National Culture Influence on Organisational Trauma: A Conceptual Framework Review

National Culture Influence on Organisational Trauma: A Conceptual Framework Review

Pavel Cejka (University of Economics, Czech Republic) and Hana Mohelska (University of Hradec Kralove, Czech Republic)
DOI: 10.4018/978-1-5225-2021-4.ch007


Increasing human interaction creates extra stress on individuals and organisations as well. The nature of such stress results in economic shocks and large societal and organisational traumas. Although recent social science is capable of addressing the complexity of international interplay such as culture, acts of multinational corporations or cross-cultural team management, little attention was paid on the cultural aspects of removing organisational trauma. Since the 1980s, social science has experienced lively development in cross-cultural studies via the work of Hofstede, the Globe Group, the World Value Survey initiative, Trompenaars, Schwartz and others. Although major models are sufficient for defining national culture, there is lack of work explaining the managerial implications for crisis management or mitigating trauma in organisations.The authors of this chapter intend to critically review the latest literature on national culture, while discussing the relevant models and introducing the theoretic framework applicable for crisis/ trauma management.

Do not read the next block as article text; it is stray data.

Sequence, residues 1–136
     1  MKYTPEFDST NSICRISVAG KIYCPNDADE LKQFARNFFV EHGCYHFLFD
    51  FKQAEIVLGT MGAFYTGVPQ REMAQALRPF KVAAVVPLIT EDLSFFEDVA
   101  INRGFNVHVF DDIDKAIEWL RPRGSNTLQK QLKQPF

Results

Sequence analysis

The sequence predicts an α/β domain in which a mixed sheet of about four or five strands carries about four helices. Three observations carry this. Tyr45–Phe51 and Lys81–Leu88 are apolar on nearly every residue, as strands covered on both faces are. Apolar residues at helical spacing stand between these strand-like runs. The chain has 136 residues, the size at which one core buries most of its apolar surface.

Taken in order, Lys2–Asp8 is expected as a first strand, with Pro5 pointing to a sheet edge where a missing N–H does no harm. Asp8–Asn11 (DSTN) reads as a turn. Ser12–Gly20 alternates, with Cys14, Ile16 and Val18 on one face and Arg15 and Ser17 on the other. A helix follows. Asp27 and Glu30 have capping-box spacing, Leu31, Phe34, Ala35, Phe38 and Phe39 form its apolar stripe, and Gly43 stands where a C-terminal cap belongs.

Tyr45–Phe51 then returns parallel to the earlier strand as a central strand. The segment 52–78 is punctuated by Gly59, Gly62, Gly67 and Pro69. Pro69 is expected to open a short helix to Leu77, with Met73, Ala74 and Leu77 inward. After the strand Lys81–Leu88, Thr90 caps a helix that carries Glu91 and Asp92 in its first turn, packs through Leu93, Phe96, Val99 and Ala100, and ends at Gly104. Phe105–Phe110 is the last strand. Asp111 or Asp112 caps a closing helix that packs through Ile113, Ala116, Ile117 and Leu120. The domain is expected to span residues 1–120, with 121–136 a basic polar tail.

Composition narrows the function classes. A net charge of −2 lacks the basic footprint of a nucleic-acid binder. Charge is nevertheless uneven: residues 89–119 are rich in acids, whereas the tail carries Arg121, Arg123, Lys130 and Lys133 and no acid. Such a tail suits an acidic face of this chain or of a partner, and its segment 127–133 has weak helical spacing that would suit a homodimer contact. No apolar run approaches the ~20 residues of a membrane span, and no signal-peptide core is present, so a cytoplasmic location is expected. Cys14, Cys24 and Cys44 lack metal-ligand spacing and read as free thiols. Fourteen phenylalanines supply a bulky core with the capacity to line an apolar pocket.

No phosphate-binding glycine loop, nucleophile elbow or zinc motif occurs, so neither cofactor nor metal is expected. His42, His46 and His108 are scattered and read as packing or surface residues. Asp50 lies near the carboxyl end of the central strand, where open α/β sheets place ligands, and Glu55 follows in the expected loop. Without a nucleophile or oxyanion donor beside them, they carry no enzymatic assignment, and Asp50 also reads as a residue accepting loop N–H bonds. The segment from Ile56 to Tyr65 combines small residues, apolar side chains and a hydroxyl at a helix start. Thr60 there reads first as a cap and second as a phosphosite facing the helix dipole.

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National Culture vs. Corporate Culture

The cultural concept debate started in 1955 when Herskovitz (1995) suggested culture to be “the human-made part of the environment”, and Shwered and LeVine (1984) introduced the importance of the shared meaning of cultural systems, or the “Collective programming of a mind” as Hofstede defines culture. An important aspect of this view of culture is the collective understanding of it. Perhaps the most complex understanding of culture was demonstrated in the original study by Rohner (1984) “the largest unit of a territorially bounded, multigenerational population recruited largely through sexual reproduction, and organized around a common culture and a common social system”, describing the social system also known as society. He also describes culture as “the totality of equivalent and complementary learned the meanings maintained by a human population, or by identifiable segments of a population, and transmitted from one generation to the next”. Rohner’s definition is supported by Lenug (2006) and Redding & Witt (2009).

Lively academic discussion has resulted in two major schools of thoughts. The collective centric scholars such as Hofstede tend to generalize their observations into a group or national cultural behaviours. Others lead by Rohner tilt toward the importance of the individual culture definer. Their definition of culture suppresses the idea of creating “cultural boxes”. Such an elementary cultural debate might be seen through the literature from leading international business or management studies (Boyacigiller & Adler, 1991; Leung & Bond, 2006; Rohner, 1984; Tung & Verbeke, 2010). This academic discourse leads to the question of which of the streams is more sustainable for management studies, and why?

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